Cromer’s cracker of a Christmas show

Christmas Seaside Special

Cromer Pier

The wrappings are off Cromer's festive version of its renowned pier show - and the tinselly trinket inside is certainly no turkey.

There are cute children, choristers, Christmas cracker-style jokes and sing-along carols, and a nativity scene, with a modern twist.


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But there is much more than that is this figgy-pudding rich mix delivered with the same pace and energy that is the hallmark of the summer show.

So as well as a moving version of Halleluiah, there is rock and roll and even a dash of hip hop.

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And the film-themed first half finale flickers from Laurel and Hardy and silent movies, to Star Wars and Jaws with slick cinematic speed.

Headlining the show for a second winter is popular Norfolk all-round entertainer Olly Day who has a mulled-wine warmth to his comedy, helped by his knowledge of local audiences, topical issues and dialect.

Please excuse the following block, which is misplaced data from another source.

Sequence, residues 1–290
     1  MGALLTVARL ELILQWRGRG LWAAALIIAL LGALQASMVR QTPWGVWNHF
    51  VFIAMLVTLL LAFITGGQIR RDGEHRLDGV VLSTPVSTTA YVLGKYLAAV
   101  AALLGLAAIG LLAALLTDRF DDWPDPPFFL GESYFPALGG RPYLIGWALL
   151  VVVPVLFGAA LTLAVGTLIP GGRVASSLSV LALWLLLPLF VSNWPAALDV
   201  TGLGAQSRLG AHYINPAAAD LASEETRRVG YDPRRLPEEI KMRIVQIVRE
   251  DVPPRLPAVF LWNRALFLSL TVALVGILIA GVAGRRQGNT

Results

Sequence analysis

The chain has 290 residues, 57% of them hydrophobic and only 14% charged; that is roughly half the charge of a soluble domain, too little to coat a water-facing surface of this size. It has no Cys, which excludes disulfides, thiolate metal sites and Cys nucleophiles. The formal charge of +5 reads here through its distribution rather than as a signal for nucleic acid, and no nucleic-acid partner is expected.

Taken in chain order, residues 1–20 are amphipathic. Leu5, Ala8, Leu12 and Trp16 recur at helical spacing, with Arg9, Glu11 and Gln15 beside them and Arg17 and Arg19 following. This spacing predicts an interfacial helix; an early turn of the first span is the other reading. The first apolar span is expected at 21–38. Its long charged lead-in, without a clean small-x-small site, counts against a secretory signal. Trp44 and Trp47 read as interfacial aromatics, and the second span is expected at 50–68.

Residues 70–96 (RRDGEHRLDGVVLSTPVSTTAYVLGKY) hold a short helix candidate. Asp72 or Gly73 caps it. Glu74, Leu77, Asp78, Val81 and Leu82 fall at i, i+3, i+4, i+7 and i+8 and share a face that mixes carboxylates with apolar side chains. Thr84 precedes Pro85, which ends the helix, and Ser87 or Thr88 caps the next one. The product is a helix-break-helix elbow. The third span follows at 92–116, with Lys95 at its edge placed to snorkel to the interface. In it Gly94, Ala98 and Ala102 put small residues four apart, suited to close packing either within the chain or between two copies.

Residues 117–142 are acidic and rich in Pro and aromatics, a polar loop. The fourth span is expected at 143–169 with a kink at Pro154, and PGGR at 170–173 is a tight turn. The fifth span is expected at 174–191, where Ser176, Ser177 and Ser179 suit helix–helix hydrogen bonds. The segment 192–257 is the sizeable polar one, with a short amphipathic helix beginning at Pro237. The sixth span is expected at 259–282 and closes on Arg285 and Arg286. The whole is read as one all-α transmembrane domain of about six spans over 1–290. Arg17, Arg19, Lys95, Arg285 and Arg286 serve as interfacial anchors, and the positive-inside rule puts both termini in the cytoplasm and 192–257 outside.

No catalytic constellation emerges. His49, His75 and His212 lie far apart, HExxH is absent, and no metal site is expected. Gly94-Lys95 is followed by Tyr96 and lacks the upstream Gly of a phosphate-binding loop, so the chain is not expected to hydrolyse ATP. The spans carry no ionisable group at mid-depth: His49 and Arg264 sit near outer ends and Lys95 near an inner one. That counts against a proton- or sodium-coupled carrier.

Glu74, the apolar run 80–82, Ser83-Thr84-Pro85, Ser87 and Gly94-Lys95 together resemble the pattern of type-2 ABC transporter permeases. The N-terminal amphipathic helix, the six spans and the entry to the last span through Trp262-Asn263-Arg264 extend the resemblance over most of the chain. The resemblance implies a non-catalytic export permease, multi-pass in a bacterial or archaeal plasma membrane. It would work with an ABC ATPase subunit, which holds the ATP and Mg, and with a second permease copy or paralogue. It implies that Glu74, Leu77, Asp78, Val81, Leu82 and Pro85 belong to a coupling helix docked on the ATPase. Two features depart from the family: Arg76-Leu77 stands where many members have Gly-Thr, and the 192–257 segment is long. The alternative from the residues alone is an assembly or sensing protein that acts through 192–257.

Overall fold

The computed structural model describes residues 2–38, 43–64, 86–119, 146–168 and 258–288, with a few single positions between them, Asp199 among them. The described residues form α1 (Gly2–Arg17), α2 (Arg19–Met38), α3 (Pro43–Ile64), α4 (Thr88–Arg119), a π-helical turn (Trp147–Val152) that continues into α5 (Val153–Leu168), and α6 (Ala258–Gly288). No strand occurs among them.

He is also an accomplished singer, who has a 'funny uncle' bond with the cast and audience. And the ventriloquist routine during his solo spot is grilliant.

The sprinkle of the spectacular in the show comes from magician Oliver Tabor. His cleverly-choreographed routine mesmerises and mystifies as he plucks musical notes, doves, glass balls and violins out of the air.

The vocal strength of the show is bolstered by the towering tenor Aston Dobson, and versatile Alice Redmond, who provided those audience members forgoing their Saturday Night X Factor fix with a demonstration of real singing talent, as well as rolling up their sleeves to get stuck into comic routines too.

The engine room of the show, whatever the season, are the dancers, and the six-strong troupe showcase their full range of skills from tap to ballet.

Opening night had the odd fumble and stumble that Strictly pedant Craig Revel Horwood would doubtless have spotted. But it is almost churlish to mention them in a show which, whatever the weather outside, is not just Christmassy sentimental slush but is a cracker of crisp and glistening live entertainment that make it worth abandoning the telly and fireside to see as a festive treat.

Richard Batson

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